Workers' Compensation Appeal Lawyers | Prescott Office | Serving Paulden, AZ
115 Grove Ave, Prescott, AZ 86301
Workers' Compensation Appeal Lawyers | Flagstaff Office | Serving Paulden, AZ
625 N Beaver St, Flagstaff, AZ 86002
Lead Counsel independently verifies Workers' Compensation Appeal attorneys in Paulden and checks their standing with Arizona bar associations.Our Verification Process and Criteria
Workers’ compensation benefits are awarded for injuries sustained on the job without proving the employer’s negligence. Sometimes benefits can be denied for various reasons, such as a health care provider decided the injury was caused by a preexisting condition or the injury was not job related.
If your claim is denied, you should contact a Paulden workers’ compensation denial lawyer to appeal. The lawyer can ensure the paperwork was properly done, call witnesses to the accident, obtain independent medical opinions, and represent you at the appeals.
In legal practice, experience matters. An experienced attorney will likely have handled issues similar to yours many, many times. Therefore, after listening to your situation, the attorney should have a reasonable idea of the time line for a case like yours and the likely resolution.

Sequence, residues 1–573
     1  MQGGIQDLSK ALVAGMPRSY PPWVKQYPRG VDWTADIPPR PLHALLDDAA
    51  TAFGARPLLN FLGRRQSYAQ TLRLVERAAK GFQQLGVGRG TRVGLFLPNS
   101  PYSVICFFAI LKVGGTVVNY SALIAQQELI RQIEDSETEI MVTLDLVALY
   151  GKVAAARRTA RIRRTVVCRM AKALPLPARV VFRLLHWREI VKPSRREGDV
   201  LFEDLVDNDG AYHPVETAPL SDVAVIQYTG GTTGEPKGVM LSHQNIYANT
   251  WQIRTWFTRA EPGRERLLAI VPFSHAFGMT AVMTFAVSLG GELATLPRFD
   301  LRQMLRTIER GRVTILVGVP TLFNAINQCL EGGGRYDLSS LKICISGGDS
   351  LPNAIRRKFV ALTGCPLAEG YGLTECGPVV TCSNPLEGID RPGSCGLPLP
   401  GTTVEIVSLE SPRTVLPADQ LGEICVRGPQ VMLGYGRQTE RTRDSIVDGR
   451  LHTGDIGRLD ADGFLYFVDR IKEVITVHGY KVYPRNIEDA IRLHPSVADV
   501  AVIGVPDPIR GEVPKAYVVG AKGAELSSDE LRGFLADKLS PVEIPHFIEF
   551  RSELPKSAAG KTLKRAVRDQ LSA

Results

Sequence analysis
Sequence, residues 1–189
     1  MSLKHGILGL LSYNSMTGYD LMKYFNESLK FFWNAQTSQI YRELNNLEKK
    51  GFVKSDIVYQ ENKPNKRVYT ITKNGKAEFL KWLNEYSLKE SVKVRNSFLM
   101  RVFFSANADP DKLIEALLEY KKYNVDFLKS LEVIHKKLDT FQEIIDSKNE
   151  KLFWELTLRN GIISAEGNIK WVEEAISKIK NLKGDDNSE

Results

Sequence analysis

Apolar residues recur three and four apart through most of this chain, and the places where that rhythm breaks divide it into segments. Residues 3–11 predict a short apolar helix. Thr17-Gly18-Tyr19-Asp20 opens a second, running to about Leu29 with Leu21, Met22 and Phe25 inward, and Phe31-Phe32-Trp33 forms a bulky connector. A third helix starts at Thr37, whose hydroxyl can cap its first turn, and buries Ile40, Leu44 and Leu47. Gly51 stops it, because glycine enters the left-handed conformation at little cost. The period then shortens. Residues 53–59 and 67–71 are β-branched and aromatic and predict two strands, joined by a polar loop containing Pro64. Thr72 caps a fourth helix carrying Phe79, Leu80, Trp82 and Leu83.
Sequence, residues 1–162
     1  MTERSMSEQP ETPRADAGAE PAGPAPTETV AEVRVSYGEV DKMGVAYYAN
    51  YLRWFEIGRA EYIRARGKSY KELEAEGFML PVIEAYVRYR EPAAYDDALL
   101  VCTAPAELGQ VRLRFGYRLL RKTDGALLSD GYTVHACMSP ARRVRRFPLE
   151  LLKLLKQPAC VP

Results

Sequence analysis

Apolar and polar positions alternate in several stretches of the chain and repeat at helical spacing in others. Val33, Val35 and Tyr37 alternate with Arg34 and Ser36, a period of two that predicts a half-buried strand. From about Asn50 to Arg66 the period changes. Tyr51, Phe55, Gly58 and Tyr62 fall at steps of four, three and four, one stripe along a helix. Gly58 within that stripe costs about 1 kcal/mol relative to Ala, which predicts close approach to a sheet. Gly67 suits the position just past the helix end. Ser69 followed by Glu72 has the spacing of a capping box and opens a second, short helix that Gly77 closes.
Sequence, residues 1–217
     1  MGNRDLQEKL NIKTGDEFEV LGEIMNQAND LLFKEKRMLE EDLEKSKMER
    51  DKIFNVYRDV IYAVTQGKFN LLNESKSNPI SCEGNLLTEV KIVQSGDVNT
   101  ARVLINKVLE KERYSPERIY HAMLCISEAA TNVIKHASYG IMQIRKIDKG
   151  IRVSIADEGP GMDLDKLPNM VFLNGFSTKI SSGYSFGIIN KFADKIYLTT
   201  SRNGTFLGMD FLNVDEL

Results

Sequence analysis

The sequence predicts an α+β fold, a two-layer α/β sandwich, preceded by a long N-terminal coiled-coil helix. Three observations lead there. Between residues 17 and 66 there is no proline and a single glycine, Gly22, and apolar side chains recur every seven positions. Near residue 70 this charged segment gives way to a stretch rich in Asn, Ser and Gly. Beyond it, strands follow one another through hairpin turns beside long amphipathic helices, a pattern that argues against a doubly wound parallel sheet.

An experienced lawyer should be able to communicate a basic “road map” on how to proceed. The lawyer should be able to walk you through the anticipated process, key considerations, and potential pitfalls to avoid. Once you’ve laid out the facts of your situation to the lawyer, he/she should be able to frame expectations and likely scenarios to help you understand your legal issue.
In general, how much an attorney costs will often depend on these four factors: billing method and pricing structure, type of legal work performed, law firm prestige, and attorney experience. Depending on the legal issue you are facing, an attorney may bill you by the hour, settle on a flat fee, or enter into a contingency fee agreement. The type of legal work you need help with will also play a role in cost incurred.
Pro se – This Latin term refers to representing yourself in court instead of hiring professional legal counsel. Pro se representation can occur in either criminal or civil cases.
Statute – Refers to a law created by a legislative body. For example, the laws enacted by Congress are statutes.
Subject matter jurisdiction – Requirement that a particular court have authority to hear the claim based on the specific type of issue brought to the court. For example, the U.S. Bankruptcy Court only has subject matter jurisdiction over bankruptcy filings, therefore it does not have the authority to render binding judgment over other types of cases, such as divorce.